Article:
Fundamentals of LED Backlights
There are two types of LED backlights (in simple terms), edge-lit and direct.
In an edge-lit backlight, there is a row of LED light emitters (usually white) along one, two, or three edges of a backlight with reflective films and coatings to funnel that light across the entire back of an LCD panel in a uniform manner.
- Results in a thin overall LCD display profile. If you see a panel that is very, very thin, most likely it is using an edge-lit backlight design.
- It is lower cost since it uses less LEDs to cover a larger area of display.
- Can have some brightness uniformity issues, creating bright edges of the display and a dark center.
- There are some size limitations to edge lit displays that make them impractical for large format LCDs.
- Limited ability to modulate the backlight based on content to improve contrast and save power. The backlight is on all the time, no matter what content is showing.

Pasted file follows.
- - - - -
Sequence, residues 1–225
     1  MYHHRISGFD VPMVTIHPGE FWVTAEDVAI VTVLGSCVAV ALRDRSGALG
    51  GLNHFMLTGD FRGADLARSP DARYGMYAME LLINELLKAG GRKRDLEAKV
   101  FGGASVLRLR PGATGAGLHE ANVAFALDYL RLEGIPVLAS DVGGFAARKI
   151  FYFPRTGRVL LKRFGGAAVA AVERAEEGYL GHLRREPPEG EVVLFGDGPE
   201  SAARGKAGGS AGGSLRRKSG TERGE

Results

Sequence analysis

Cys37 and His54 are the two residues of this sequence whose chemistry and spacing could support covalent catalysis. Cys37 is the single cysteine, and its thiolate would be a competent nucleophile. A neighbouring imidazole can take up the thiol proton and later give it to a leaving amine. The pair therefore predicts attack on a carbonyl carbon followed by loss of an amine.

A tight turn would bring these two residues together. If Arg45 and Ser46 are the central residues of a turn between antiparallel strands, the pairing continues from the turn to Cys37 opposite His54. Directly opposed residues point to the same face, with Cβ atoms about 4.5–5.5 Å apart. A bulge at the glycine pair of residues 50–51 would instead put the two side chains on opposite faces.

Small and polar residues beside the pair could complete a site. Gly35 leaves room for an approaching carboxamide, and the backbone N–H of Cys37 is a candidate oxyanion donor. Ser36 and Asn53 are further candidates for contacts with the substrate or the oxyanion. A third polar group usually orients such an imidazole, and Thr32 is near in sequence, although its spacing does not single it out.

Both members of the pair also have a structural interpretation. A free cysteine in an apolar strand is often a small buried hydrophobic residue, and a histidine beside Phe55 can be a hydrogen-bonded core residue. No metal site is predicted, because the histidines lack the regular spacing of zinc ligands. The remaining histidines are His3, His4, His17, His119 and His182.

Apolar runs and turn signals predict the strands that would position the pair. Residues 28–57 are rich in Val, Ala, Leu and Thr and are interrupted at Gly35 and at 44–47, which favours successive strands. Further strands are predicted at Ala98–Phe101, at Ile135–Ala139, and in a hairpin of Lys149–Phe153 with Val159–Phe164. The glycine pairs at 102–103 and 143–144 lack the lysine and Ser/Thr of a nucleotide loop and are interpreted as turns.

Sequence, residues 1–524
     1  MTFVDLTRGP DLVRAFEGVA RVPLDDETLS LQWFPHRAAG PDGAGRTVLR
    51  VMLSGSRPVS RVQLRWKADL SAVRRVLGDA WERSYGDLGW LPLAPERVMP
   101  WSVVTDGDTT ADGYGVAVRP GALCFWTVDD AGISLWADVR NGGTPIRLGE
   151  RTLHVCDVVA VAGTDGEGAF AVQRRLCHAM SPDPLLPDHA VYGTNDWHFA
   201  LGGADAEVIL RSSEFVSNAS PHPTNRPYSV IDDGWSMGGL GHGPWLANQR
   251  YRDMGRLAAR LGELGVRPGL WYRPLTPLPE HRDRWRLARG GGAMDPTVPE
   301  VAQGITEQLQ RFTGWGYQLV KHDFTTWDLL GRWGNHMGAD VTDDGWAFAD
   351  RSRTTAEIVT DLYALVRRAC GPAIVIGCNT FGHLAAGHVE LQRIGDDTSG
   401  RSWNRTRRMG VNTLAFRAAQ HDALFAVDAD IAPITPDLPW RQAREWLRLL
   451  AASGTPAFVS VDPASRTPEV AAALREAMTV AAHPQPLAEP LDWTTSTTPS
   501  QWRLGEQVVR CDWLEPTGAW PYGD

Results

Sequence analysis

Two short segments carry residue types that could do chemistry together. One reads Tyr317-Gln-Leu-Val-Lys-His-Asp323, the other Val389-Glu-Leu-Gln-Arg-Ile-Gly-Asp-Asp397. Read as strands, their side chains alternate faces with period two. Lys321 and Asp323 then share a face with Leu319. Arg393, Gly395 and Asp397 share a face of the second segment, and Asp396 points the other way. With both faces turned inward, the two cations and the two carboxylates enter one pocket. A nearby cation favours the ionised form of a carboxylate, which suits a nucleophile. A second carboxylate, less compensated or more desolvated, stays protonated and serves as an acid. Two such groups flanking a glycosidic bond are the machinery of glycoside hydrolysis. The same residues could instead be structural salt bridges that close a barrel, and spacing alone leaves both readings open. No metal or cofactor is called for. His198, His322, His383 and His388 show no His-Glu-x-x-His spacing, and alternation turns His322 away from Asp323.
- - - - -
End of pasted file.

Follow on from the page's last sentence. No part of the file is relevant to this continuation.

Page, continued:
In a direct lit backlight configuration, the LEDs are behind the LCD display, not just on the edges. There are many different approaches to this, but the most common implementations is to have arrays of LEDs in “zones” that can be controlled independently based on content.
- Best overall brightness uniformity.
- Local dimming can result in higher contrast and lower power consumption. In a zone where the content is dark, the backlight is turned down. In a zone where the content is bright, the backlight it turned up. Results in a thin overall LCD display profile. If you see a panel that is very, very thin, most likely it is using an edge-lit backlight design. This means that it can be lower power (or high) depending on the content shown.
- No size limitations. You see this approach commonly on very large displays.
- The direct lit style backlights tend to be thicker than edge-lit, resulting in thicker overall display and television sets.
- Higher overall cost due to the use of more LED components.
- Can be higher (or lower) power depending on the content.
- The local dimming can lead to perceived brightness uniformity concerns and a “halo” effect around light content on a dark background.